Armed Forces / Conclusions

Conclusions

High public esteem for the Armed Forces is, as we have seen, in considerable contrast to the opposition that many people express towards the 2003-2009 deployment of troops in Iraq and, to a lesser degree, the continuing mission in Afghanistan. Given the extent of people's objections to these military campaigns, a striking feature of our survey findings is the public's overwhelming support for the Armed Service personnel who have served in Iraq and Afghanistan. This subtlety in public thinking and opinion about the Armed Forces and their deployment in specific military operations has not been sufficiently acknowledged previously. People clearly find little difficulty in separating the politics of military deployments from attitudes towards the service men and women who take part in them. It remains to be seen what effect the final withdrawal of military personnel from active operations in Afghanistan, due in 2014, will have on public opinion. Yet it seems highly probable from our survey findings that Armed Service personnel will be warmly welcomed home by most of the public, no matter what people think of the mission they have been asked to fulfil.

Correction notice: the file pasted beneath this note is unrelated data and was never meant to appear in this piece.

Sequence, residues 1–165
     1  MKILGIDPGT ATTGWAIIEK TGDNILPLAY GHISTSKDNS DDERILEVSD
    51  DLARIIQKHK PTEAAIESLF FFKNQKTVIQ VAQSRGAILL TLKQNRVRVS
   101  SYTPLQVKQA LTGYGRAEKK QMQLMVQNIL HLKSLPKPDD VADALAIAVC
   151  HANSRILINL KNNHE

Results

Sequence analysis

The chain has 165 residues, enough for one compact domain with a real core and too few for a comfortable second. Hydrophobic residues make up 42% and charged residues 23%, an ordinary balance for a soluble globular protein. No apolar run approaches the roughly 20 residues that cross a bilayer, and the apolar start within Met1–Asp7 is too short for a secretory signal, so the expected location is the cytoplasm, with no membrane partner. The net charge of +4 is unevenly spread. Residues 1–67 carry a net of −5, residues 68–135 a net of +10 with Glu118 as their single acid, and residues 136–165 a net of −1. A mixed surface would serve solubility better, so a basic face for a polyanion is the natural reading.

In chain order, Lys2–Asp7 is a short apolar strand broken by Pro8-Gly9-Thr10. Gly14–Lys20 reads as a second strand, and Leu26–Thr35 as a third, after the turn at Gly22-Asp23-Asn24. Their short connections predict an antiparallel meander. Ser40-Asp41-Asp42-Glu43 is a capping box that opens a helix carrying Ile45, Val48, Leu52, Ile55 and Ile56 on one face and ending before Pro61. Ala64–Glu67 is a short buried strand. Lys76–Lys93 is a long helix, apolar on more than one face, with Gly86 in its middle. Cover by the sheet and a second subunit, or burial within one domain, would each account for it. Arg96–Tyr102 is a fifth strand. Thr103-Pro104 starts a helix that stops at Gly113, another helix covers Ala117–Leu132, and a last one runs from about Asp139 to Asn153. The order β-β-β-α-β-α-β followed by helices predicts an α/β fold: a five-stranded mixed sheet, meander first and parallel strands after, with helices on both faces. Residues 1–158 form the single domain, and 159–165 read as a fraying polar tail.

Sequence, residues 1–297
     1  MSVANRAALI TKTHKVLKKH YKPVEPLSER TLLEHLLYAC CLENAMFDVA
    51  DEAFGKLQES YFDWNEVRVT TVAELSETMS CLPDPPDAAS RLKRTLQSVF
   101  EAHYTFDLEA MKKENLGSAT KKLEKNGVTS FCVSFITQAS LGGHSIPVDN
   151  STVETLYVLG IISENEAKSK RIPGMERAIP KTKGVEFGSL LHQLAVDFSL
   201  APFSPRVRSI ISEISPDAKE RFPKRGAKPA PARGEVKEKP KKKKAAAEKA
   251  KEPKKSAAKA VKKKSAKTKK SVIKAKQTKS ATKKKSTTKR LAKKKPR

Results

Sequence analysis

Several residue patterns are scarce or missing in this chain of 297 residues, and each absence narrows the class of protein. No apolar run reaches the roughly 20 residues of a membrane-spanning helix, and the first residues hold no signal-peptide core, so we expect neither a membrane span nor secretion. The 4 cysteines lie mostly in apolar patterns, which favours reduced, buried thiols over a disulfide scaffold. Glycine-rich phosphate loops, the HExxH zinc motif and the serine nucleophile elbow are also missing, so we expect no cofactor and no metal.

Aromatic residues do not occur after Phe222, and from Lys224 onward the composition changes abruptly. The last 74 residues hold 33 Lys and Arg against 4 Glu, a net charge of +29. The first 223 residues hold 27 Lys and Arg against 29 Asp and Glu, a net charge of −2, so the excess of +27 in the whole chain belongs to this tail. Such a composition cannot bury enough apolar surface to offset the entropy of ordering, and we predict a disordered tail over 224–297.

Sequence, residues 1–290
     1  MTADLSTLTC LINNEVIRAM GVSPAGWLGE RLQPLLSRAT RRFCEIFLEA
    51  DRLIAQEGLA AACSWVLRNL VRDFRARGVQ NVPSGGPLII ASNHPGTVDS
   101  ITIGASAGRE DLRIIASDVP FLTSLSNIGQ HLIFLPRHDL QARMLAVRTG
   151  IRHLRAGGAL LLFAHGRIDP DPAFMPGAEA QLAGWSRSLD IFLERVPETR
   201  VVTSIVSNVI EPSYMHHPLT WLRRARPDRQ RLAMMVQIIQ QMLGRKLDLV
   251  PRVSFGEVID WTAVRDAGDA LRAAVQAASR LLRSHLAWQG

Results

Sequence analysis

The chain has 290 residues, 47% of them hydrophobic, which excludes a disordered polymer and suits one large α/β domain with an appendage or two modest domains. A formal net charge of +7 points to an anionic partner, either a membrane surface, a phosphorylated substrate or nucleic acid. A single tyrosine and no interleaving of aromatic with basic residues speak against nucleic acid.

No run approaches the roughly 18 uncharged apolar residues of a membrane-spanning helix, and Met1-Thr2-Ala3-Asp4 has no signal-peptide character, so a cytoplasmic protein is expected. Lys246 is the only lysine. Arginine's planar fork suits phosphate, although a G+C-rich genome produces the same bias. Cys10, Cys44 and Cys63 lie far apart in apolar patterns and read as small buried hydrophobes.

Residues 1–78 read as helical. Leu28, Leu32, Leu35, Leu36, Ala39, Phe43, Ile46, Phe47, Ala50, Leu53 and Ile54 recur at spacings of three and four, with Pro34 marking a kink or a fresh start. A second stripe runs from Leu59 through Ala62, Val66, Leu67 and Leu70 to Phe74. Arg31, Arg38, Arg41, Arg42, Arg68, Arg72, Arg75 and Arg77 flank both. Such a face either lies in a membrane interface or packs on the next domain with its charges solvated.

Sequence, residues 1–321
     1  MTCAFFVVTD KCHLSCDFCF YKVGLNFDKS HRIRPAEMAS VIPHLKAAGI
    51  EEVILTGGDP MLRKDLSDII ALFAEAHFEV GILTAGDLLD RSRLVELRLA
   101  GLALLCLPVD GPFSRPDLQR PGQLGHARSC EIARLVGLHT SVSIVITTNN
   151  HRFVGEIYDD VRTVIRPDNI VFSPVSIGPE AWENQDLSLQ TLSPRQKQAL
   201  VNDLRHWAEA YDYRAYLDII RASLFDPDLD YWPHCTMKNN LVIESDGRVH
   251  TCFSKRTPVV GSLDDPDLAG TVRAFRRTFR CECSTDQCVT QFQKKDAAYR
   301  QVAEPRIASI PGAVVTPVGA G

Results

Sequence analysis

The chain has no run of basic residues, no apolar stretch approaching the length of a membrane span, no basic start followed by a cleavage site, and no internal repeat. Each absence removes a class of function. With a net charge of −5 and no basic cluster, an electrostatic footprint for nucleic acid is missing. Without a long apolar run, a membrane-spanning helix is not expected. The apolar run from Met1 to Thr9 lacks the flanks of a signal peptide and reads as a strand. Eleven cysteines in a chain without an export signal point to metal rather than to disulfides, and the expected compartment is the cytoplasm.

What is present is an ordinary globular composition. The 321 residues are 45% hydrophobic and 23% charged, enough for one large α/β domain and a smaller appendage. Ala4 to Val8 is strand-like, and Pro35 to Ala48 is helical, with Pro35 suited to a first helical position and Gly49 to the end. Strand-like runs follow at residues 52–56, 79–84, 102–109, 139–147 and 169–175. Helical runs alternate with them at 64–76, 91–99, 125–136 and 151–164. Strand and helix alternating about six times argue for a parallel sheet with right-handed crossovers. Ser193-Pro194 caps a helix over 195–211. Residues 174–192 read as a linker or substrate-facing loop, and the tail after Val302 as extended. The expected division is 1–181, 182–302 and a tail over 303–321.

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Notes
  1. See news.bbc.co.uk/1/hi/uk/1596810.stm
  2. A police estimate of numbers. Protest organisers suggested a figure nearer two million. See news.bbc.co.uk/1/hi/2765041.stm
  3. 'Armed Forces Covenant recognised in law for first time', Ministry of Defence, Defence News, 3rd November, 2011, available at www.mod.uk/DefenceInternet/DefenceNews/DefencePolicyAndBusiness/ArmedForcesCovenantRecognisedInLawForFirstTime.htm
  4. A report by the former Liberal Democrat leader and career soldier Lord Ashcroft (2012) recently cast some light on public attitudes towards the Armed Forces, but owing to its sampling strategy the findings were not necessarily representative of the UK population as a whole.
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